Tuesday, October 20, 2009

Homes May Be Undervalued Today

After dropping for two years, home prices appear to be bottoming out, and any further declines would be an overcorrection, NAR Chief Economist Lawrence Yun told thousands of practitioners at the REALTORS® Midyear Legislative Meetings in Washington, D.C., on Thursday.

The median national home price today is about $169,000, down almost 14 percent from a year ago and an estimated 30 percent from its peak. Today’s prices are justified by the fundamentals of the economy and may even represent an undervaluation, Yun said.

Lender Policies Hinder RecoveryDistressed sales, which today comprise about 50 percent of transactions nationwide, are creating market distortions in otherwise stable neighborhoods. “We’re only capturing transaction prices,” he said, and those prices might be 20 percent to 25 percent below actual values.

For that reason, it’s possible that widely cited projections that a third or more of homeowners are underwater might be off the mark, he said. The consequences of these missed projections could be huge. Lenders, shying away from refinancing mortgages of troubled owners, exacerbate the downward spiral of homeowners’ financial position and that, by extension, hurts the broader economy.Contributing to the problem is the lack of reasonably priced financing for higher-cost homes at a time when declining prices, low rates, and the home buyer tax credit are helping the entry-level market.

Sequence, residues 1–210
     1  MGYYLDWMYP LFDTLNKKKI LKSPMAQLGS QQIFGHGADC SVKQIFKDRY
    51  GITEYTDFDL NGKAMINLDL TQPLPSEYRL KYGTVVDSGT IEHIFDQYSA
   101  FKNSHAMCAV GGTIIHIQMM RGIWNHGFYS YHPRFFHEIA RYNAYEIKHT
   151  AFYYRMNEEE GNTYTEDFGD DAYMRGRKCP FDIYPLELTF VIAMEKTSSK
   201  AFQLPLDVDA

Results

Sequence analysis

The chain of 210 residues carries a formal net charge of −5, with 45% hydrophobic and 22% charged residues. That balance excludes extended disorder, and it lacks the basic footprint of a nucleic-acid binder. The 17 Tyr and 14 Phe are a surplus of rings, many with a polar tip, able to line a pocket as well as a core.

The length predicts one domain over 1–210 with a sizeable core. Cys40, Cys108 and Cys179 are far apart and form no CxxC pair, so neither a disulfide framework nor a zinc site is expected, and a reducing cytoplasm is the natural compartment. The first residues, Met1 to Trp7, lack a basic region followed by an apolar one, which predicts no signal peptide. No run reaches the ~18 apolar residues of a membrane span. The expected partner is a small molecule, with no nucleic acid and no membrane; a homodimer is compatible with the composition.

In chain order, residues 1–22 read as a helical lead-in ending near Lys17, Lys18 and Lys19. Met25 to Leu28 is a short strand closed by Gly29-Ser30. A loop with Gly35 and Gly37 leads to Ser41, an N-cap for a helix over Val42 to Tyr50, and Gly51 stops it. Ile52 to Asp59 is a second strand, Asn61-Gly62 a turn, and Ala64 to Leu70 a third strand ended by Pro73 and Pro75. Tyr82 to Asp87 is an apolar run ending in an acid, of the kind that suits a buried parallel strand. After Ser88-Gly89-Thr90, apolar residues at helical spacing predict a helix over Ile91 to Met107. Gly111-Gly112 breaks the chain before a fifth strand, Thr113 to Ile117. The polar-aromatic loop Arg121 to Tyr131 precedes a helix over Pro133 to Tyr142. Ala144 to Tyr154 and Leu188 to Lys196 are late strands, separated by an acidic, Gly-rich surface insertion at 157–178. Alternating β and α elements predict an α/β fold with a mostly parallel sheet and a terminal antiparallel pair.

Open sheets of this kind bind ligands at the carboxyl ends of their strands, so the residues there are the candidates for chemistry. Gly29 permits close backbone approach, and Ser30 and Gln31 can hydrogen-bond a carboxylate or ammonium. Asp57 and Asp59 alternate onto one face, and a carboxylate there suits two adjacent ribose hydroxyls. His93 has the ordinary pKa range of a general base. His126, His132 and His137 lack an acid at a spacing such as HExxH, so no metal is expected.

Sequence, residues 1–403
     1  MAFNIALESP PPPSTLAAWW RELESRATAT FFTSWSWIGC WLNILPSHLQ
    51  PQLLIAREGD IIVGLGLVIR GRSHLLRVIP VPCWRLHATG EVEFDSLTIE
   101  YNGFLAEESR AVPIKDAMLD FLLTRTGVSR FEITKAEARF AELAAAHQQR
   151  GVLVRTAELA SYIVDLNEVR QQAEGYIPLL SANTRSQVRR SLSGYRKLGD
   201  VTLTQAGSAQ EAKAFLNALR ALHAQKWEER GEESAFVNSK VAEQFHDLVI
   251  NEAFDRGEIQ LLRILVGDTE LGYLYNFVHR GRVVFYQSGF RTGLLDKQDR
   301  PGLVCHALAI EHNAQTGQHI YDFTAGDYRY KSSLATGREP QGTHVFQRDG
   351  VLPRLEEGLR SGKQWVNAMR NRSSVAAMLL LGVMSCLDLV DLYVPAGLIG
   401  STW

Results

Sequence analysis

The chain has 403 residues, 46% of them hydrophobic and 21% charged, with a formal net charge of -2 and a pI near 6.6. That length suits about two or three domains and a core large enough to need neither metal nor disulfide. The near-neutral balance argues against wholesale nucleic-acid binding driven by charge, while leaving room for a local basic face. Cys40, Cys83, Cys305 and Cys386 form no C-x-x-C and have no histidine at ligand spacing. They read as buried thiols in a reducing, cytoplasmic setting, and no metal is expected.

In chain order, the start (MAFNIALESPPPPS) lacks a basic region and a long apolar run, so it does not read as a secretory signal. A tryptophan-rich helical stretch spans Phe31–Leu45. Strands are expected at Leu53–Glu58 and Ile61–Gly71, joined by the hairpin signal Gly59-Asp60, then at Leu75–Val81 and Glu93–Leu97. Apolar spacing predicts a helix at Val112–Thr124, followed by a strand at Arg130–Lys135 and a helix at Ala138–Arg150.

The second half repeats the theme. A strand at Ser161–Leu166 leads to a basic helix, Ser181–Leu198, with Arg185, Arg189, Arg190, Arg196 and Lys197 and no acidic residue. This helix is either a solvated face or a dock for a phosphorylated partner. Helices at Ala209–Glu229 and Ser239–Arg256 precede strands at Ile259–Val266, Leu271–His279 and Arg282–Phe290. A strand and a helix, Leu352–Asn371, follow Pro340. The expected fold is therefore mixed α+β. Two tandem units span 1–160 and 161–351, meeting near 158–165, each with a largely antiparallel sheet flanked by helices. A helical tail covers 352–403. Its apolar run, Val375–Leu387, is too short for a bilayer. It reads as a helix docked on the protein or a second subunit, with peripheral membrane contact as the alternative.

Indeed, while housing overall is at a 9.5 month supply, down from double digits not found that long ago, homes above $729,750—the threshold for jumbo loans—face a 40-month supply.

Key Test By summer, all of the incentives that have been put into place by the government will have had several months to work, Yun said. If sales start picking up significantly, then prices should stabilize and trigger a broader economic recovery.

If sales don’t show a significant response, then the federal government might have to look at another big injection of funds into the economy, something no one has an appetite for.

Yun’s forecast reflects the brighter scenario: “My projection is home sales will be 10 to 20 percent higher the second half of this year than last year and we will come out of this recession in 2010,” he said.

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